iQuanti: Cash advances are easy to get when you have a regular W2 job and can produce copies of your latest pay stubs. It may be a little more complicated for self-employed individuals, but that doesn't mean you won't qualify for a cash advance for poor credit. There are just more steps involved to get approved for one. In this article, we'll walk you through how to apply for a cash advance if you're self-employed.
Step #1: Search for a cash advance lender
First, do some research online to choose the right cash advance lender for your needs. There are thousands of lenders across the U.S. Some lenders advertise to the self-employed, while others offer cash advances for these individuals but don't openly promote them.
Take your time shopping around and make sure you know something about the lender you're about to work with. The Better Business Bureau (BBB) has listings on legitimate lenders with reports on any questionable activity, and The Federal Trade Commission (FTC) requires lenders to register in all states they do business in. Check both sources before applying for a cash advance.
Step #2: Prepare proof of income documentation
Once you've chosen a lender to work with, you'll need to have proof of income ready. Employees can usually get by with a few paystubs and recent W2 form. Self-employed individuals can't provide either of those, so they need to find another way to prove their income. Before applying with a cash advance lender, gather the documentation listed below. You may need digital copies (PDFs) if you're using an online lender.
- Tax returns/transcripts: Self-employed people operating as sole proprietors or LLCs file a 1040 tax return just like everyone else. Find your most recent return or download a transcript of the return from IRS.gov. This is proof of what you made last year.
- Last year's Schedule C: The Schedule C is part of your tax return, but you should make a separate copy of it just in case. Lenders want to see what your expenses and costs were, not just your gross revenue.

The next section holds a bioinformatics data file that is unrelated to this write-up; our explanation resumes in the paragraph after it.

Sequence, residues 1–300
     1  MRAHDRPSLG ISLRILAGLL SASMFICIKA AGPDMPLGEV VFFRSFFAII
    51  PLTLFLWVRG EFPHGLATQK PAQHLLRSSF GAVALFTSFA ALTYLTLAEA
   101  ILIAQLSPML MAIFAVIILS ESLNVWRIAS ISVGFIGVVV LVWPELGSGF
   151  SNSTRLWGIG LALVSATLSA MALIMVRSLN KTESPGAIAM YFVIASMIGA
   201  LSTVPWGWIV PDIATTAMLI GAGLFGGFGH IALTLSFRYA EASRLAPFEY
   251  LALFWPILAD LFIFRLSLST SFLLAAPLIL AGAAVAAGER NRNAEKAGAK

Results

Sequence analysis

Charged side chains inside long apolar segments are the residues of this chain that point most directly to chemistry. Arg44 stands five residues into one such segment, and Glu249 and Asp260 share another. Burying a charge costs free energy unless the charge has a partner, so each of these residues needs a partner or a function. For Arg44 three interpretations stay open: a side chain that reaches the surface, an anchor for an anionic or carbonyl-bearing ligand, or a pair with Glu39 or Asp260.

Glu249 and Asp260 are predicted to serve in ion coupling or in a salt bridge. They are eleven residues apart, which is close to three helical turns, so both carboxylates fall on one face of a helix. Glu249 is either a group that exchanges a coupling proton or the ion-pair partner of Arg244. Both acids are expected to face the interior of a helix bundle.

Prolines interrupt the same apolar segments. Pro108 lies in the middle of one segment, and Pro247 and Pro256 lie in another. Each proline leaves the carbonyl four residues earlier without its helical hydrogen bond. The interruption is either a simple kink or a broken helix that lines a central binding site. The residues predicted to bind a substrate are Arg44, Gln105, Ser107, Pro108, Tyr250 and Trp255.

- 1099 Forms: Independent contractors receive a 1099 or 1099-MISC from their clients each year to report what they've been paid. Lenders use these forms to ensure that your income on your tax return came from legitimate sources.
- Schedule SE: Self-employment tax is not reported on the Schedule C, but it is a significant expense that lenders will consider when doing their due diligence on your creditworthiness. Make a digital copy of your SE for their review.
- Bank statements: The previous documents show what you made last year. Bank statements show your current income. If you have a separate business account where you receive your income, bring that statement.
Step #3: Choose a cash advance lender and apply
With the documents listed above, you're ready to apply for a cash advance. Decide whether you want to apply online or at the lender's physical store location, and start the application process. Make sure you have your ID, along with a bank routing number and account number for them to deposit your funds.
Applying for a cash advance is easy, and may only take a few minutes. Better yet, approvals are typically fast, so you could get the funds you need as soon as the same day you apply. Then, you can cover the expenses you need to get back on track before your next payday.
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Original Source: Can I Qualify for a Poor-Credit Cash Advance if I'm Self-Employed?